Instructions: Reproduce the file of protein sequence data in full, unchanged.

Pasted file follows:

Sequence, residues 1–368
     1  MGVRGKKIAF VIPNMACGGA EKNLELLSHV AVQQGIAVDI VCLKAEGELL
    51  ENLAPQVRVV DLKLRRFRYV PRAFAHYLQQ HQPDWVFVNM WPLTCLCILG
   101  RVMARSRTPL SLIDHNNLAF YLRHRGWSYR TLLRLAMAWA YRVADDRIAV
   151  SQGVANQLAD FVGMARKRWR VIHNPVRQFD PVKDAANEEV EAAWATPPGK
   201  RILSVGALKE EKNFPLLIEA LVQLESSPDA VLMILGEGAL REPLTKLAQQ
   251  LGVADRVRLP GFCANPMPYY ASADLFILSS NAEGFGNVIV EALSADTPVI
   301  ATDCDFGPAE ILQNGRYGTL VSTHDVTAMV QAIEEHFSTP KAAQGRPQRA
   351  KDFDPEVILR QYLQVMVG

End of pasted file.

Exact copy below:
Sequence, residues 1–368
     1  MGVRGKKIAF VIPNMACGGA EKNLELLSHV AVQQGIAVDI VCLKAEGELL
    51  ENLAPQVRVV DLKLRRFRYV PRAFAHYLQQ HQPDWVFVNM WPLTCLCILG
   101  RVMARSRTPL SLIDHNNLAF YLRHRGWSYR TLLRLAMAWA YRVADDRIAV
   151  SQGVANQLAD FVGMARKRWR VIHNPVRQFD PVKDAANEEV EAAWATPPGK
   201  RILSVGALKE EKNFPLLIEA LVQLESSPDA VLMILGEGAL REPLTKLAQQ
   251  LGVADRVRLP GFCANPMPYY ASADLFILSS NAEGFGNVIV EALSADTPVI
   301  ATDCDFGPAE ILQNGRYGTL VSTHDVTAMV QAIEEHFSTP KAAQGRPQRA
   351  KDFDPEVILR QYLQVMVG